In fact, I sometimes get the impression that politics still has a bit of that old approach of only reacting when something happens. We learned in the spring that we always have to be two weeks earlier. Otherwise, it's like if Dominic Thiem would only react when Zverev has already served and only thinks two seconds later. He wouldn't have won that way either. We have to work on that together now.

noe.ORF.at: Can you work out when the health system will be overloaded?

Popper: I think that's a very important question. We are currently still a long way from that. There will be an increase in the number of hospitals, there will be an increase in the use of intensive care beds. Why? Because the number is increasing in absolute terms and because the age structure is currently changing. The situation is currently shifting away from the young. But we are far from a resource bottleneck.

noe.ORF.at: Where do you actually get infected?

Popper: laughs. You become infected when you get very close to someone who is sick. In September the news will surely come that the schools are to blame. Why? Because the schools have now opened. Once it's the choir, then the free churches, the Rotary club, and so on. But we have to be very careful here. There is no scientific evaluation.

If I hug you tightly now, I will infect you. So I can take a lot of measures in everyday life to prevent the spread. And yes, in a second step, we as a society have to consider where to lock. If the numbers continue to rise, politicians will have to think about what to do. But basically the only question is: how close are the contacts?

noe.ORF.at: You have two children. Do you send them to school without hesitation?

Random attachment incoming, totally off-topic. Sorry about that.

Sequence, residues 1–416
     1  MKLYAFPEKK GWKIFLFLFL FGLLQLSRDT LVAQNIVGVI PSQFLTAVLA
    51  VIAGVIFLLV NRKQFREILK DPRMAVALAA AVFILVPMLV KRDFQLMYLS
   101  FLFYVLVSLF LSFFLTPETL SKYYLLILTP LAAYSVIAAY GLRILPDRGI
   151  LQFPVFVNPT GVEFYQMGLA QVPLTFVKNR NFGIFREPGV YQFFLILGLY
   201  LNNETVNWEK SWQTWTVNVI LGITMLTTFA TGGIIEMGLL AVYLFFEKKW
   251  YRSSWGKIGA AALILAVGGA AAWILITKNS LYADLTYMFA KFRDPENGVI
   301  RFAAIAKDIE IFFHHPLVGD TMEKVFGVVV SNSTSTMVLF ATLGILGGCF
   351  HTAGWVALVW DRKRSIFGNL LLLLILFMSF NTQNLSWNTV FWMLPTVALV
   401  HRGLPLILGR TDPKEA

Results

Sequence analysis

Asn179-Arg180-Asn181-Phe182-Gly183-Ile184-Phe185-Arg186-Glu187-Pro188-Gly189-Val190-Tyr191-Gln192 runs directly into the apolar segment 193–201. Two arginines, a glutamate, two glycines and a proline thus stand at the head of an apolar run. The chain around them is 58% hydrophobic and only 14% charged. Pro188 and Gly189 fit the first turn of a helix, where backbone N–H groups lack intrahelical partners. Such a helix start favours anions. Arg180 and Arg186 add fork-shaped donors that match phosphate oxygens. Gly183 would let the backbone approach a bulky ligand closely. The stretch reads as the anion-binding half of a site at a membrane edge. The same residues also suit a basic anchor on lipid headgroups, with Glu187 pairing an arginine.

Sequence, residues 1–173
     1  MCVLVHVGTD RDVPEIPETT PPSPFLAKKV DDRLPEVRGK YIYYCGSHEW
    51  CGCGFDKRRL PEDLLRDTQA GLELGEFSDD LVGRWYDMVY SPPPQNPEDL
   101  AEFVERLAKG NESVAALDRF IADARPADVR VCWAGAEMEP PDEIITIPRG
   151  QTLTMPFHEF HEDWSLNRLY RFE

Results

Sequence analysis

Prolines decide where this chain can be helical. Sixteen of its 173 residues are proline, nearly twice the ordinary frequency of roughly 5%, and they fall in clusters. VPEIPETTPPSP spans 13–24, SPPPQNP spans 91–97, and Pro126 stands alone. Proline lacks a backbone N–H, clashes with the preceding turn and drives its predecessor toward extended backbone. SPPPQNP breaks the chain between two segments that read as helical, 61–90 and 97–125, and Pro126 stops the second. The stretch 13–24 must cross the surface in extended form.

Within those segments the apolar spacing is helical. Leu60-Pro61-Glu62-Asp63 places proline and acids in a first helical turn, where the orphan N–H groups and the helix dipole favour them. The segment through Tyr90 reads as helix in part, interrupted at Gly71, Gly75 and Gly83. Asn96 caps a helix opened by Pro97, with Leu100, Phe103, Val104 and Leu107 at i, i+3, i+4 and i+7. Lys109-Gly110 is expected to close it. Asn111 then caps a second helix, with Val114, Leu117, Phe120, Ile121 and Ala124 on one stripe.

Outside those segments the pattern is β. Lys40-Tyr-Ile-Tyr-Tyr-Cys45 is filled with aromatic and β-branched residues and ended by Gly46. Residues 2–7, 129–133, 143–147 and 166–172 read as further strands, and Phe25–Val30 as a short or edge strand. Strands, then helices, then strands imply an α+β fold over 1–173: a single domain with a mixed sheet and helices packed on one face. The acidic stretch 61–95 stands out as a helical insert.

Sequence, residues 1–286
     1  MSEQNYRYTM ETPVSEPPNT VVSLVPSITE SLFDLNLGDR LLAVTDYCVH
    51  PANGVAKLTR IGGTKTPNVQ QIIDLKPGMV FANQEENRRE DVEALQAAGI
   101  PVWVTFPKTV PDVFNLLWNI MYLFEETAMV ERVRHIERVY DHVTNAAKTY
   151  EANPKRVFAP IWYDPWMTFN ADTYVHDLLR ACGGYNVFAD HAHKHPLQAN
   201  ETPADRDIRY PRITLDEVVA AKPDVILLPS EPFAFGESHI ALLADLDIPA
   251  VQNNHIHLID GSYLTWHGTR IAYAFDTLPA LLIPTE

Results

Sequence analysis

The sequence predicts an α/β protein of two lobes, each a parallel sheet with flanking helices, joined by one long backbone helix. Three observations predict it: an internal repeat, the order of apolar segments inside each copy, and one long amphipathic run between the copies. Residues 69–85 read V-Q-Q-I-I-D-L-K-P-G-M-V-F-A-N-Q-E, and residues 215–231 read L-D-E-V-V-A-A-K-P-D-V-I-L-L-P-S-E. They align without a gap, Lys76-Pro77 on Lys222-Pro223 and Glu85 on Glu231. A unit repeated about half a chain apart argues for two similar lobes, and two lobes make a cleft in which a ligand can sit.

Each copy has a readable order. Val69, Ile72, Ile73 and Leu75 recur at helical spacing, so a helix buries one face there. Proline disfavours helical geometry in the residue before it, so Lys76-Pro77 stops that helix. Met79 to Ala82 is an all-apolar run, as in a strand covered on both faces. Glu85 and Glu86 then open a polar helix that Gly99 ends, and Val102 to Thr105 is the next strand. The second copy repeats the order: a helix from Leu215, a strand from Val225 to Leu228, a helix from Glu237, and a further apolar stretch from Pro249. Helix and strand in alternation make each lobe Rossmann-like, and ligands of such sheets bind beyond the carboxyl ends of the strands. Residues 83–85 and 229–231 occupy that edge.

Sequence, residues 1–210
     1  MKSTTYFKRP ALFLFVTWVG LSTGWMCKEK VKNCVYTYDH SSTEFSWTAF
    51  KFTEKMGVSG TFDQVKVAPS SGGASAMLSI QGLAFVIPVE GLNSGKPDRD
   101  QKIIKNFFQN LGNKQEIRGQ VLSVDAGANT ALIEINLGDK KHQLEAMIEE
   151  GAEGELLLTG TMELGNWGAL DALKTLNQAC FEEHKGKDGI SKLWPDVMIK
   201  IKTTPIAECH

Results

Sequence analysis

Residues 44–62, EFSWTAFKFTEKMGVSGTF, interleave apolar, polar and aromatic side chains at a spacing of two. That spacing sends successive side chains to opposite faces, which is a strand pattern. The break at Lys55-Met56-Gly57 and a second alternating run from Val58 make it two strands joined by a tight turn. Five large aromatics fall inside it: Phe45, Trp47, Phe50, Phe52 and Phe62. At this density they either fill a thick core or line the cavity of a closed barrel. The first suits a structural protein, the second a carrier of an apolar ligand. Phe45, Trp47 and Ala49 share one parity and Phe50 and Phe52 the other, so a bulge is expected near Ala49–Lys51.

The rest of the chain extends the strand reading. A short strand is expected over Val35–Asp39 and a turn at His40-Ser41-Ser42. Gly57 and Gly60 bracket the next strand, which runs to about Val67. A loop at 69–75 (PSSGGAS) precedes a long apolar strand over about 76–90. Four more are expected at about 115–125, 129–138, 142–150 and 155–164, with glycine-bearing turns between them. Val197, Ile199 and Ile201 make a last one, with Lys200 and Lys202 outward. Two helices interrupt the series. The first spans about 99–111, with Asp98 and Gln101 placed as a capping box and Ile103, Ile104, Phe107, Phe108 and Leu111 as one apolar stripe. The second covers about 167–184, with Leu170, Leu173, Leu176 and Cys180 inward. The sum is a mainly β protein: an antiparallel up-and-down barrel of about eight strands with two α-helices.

Popper: Yes, because I believe that we have agreed rules that we now have to adhere to and then shouldn't always find and discuss something else. In school it is important that the class groups stay together as much as possible. We now know that small groups are okay if they don't mix. This morning I talked to the children what it would be like when the sore throat came. Then it has to be clarified quickly what is going on. We already have cases in schools in Vienna and Lower Austria.

noe.ORF.at: What do you actually calculate if you are not currently doing coronavirus simulations for the government?

Popper: There are a lot of areas. Wherever we have complex, dynamic systems that humans have built and that are dependent on humans, nature and technology. This can be the freight logistics of the ÖBB, energy networks or archaeological excavations. So it's a very broad field. That is what makes our work so exciting. It may be that I talk to an archaeologist in the morning, a doctor at lunchtime and someone from the logistics department in the afternoon.

noe.ORF.at: How are you with your fame? Are you recognized on the street?

Popper: Yes, it does happen. Quite funny: a while ago I went around the corner and coughed. Then a young man with a child said, "Mr. Popper, you are fine anyway". So it does happen. But, as that happens, it will pass again, hopefully sooner than later in the sense of Covid-19.

The interview was conducted by Eva Steinkellner-Klein, noe.ORF.at